The city of Detroit is said to be making the final preparations to file for federal bankruptcy, or Chapter 9 protection, and could submit paperwork as early as Friday morning, according to the Detroit Free Press.
Detroit will now become the largest city in American history to file for bankruptcy. Kevin Orr, a bankruptcy expert hired by the state of Michigan in March to try and lead the Motor City away from a fiscal cliff, submitted the filing on Thursday, reports the AP.
On the same day, Michigan governor Rick Snyder laid out the case in support of Chapter 9 protection, saying that the “decision comes in the wake of 60 years of decline for the city."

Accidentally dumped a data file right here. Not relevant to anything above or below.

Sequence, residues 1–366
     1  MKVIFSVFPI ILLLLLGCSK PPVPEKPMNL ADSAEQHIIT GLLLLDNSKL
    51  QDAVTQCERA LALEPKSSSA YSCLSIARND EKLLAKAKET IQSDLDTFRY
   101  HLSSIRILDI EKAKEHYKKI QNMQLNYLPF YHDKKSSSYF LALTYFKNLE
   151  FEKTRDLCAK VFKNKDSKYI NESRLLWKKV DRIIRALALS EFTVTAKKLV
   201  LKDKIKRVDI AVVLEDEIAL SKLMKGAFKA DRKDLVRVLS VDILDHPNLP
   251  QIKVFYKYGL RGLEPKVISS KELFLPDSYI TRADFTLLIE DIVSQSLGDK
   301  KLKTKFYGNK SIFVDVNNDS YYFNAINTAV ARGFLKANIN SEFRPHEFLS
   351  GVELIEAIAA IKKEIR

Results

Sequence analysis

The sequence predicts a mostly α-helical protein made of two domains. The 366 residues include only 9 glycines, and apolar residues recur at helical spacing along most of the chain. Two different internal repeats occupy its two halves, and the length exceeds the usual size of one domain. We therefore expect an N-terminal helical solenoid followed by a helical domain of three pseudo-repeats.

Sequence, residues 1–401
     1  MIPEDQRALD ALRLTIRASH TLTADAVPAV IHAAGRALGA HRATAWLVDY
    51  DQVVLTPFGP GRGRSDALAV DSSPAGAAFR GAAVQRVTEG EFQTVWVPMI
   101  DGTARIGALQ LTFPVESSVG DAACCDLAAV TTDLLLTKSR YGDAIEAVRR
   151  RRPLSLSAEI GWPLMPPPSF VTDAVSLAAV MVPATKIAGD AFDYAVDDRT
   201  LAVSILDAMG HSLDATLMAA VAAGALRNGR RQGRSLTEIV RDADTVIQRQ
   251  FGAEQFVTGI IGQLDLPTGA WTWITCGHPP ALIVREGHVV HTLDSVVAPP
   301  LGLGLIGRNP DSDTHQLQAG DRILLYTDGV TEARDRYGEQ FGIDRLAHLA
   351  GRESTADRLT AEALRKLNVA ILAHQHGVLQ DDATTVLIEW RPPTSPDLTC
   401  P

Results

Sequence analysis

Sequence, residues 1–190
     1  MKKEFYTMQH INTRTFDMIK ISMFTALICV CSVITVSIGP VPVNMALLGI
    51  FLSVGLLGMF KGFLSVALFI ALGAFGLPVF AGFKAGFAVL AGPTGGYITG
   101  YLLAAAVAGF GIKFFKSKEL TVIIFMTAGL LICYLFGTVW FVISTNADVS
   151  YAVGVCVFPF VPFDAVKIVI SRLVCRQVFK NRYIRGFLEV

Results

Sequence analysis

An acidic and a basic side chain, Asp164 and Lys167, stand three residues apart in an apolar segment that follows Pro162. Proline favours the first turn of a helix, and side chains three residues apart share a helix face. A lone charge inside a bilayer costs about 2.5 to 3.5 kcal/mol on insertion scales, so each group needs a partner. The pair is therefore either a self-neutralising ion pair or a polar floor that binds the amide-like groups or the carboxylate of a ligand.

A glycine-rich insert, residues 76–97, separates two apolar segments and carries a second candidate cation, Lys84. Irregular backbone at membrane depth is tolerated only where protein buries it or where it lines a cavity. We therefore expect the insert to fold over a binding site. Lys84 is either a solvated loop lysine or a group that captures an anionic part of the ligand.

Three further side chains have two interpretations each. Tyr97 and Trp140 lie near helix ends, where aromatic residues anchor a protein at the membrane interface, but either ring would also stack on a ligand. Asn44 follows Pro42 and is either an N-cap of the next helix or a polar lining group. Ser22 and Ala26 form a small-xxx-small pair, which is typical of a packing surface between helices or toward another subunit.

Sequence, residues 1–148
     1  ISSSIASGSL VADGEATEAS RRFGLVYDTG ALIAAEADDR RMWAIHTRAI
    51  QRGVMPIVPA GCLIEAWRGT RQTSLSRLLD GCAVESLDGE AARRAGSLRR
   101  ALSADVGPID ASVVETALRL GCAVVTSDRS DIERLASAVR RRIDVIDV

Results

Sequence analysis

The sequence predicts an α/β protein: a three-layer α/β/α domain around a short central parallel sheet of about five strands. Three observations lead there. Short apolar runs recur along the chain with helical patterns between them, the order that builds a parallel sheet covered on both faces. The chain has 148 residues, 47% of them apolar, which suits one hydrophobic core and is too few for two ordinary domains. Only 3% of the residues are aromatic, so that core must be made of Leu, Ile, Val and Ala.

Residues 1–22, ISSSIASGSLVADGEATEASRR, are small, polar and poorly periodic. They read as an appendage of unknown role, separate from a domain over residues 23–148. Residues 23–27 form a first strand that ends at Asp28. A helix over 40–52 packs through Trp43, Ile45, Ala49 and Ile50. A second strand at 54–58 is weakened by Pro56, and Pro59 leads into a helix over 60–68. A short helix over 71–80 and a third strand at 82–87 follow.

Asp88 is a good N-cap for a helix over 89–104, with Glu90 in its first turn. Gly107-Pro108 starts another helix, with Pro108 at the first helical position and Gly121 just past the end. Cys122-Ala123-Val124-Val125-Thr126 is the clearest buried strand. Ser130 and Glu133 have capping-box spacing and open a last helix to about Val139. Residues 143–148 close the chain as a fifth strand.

Snyder said that despite the “best efforts” by Detroit’s Office of the Emergency Manager, the city was unable to reach a restructuring plan with its debtors - leaving more than $18 billion in outstanding debts.
"We must face the fact that the city cannot and is not paying its debts as they come due, and is insolvent,” added Snyder.
The city of Detroit lost a quarter-million residents between 2000 and 2010, reports the AP. Boasting a population of 1.8 million in the 1950s, the municipality is now struggling to stay above 700,000 residents. An estimated 78,000 structures are currently abandoned in the city and unemployment has tripled since 2000 and, at roughly 15 percent of the population, is currently double the national average.
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